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The senator who stands for something

Tom Jackson • Mar 23, 2010 at 6:27 PM

There's a big controversy these days in the liberal blogosphere over Barack Obama's decision to back a new compromise version of the Foreign Intelligence Surveillance Act. A key provision of the new FISA bill is that it gives immunity from lawsuits to telecommunications companies that allegedly broke the law by cooperating with the Bush administration's warrantless wiretaps after the 9/11 terrorist attacks.

The senator's stance represents an apparent change in his position from February, when he promised to fight hard against giving immunity to telecommunications companies. This has prompted criticism from civil liberties advocates in the blogosphere.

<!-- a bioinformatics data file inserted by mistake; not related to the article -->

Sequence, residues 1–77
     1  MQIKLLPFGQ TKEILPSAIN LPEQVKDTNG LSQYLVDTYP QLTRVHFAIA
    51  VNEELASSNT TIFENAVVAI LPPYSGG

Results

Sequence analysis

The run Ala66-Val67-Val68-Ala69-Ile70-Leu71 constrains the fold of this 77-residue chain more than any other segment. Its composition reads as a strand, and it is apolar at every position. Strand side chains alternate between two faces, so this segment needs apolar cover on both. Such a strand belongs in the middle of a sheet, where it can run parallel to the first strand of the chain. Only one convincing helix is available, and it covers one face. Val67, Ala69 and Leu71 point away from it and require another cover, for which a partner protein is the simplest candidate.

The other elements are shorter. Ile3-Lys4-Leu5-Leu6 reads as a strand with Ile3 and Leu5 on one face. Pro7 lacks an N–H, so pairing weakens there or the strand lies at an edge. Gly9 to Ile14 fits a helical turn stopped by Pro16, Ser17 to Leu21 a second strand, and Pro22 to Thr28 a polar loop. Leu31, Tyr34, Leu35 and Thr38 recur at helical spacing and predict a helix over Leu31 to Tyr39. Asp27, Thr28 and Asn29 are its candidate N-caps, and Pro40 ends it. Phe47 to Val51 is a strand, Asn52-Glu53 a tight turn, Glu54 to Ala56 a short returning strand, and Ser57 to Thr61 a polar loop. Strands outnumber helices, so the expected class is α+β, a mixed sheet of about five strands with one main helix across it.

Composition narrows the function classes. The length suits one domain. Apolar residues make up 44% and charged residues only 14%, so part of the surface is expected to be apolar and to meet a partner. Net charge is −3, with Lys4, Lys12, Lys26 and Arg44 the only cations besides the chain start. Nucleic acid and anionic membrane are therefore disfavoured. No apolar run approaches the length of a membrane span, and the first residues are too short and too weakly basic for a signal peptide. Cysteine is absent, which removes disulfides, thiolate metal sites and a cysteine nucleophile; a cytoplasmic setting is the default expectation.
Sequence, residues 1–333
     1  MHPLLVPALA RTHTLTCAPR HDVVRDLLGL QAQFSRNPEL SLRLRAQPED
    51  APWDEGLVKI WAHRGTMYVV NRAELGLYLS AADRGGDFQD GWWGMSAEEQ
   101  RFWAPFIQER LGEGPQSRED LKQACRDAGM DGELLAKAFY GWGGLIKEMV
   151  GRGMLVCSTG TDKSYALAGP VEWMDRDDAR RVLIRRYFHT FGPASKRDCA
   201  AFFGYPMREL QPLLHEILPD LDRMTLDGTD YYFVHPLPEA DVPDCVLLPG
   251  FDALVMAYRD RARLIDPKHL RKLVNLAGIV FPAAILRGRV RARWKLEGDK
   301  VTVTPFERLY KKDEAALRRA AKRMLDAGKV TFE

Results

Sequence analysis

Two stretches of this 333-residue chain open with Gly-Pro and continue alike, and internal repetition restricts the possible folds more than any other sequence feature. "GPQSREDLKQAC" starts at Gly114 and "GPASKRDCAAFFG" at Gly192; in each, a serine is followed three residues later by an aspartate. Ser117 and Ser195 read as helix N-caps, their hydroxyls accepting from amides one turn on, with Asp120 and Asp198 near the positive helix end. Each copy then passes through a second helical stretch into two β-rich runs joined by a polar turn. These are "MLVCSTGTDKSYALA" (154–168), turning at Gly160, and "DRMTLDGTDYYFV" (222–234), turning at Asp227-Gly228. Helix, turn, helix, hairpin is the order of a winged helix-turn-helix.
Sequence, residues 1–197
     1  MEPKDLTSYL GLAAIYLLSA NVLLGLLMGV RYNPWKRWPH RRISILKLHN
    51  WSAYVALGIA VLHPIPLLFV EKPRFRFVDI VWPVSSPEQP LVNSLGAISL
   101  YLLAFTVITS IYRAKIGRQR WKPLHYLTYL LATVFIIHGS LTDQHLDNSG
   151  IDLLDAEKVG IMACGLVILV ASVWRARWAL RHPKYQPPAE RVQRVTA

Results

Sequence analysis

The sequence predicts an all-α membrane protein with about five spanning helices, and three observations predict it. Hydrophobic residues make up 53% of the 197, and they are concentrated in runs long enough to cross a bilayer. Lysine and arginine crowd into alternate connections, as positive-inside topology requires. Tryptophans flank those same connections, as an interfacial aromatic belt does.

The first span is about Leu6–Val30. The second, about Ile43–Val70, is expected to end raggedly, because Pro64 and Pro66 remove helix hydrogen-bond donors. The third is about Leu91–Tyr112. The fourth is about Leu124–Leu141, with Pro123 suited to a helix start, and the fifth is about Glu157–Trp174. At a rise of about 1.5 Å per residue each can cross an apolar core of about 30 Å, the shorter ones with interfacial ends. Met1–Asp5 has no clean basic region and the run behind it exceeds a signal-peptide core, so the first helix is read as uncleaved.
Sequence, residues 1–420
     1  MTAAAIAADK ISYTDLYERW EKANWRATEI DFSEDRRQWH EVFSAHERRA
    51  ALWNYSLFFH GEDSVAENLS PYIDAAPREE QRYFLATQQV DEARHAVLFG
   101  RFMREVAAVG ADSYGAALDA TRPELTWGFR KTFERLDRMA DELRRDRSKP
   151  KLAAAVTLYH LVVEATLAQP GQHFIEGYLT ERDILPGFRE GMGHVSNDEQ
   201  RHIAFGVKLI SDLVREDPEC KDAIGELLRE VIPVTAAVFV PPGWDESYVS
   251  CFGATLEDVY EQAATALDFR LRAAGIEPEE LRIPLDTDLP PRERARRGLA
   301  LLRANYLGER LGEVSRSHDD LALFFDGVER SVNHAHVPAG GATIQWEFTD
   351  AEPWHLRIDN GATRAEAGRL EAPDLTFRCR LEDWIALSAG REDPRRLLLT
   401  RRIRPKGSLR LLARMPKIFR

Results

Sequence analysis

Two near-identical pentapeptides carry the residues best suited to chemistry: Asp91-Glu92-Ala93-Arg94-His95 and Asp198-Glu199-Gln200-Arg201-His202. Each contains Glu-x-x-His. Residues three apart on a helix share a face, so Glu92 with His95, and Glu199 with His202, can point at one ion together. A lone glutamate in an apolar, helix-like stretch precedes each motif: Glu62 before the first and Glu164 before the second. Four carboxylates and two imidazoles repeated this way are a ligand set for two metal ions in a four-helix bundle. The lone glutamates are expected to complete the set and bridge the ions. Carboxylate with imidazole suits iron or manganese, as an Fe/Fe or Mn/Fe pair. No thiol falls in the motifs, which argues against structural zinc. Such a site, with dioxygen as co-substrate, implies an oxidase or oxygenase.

The Chicago Tribune reports that before the Senate takes up FISA, it will take up a separate bill to remove the lawsuit protection from the bill. The article says this will allow Obama to vote against telecom immunity before he votes for it.

I mention this to note a recent 80-15 vote in the U.S. Senate over FISA. The 15 "No" votes are the guys on the losing side who opposed the bill and tried to block it. They include U.S. Sen. Sherrod Brown, D-OH. Whatever you think of Brown, I've noticed he's not afraid to take a position and stick to it.

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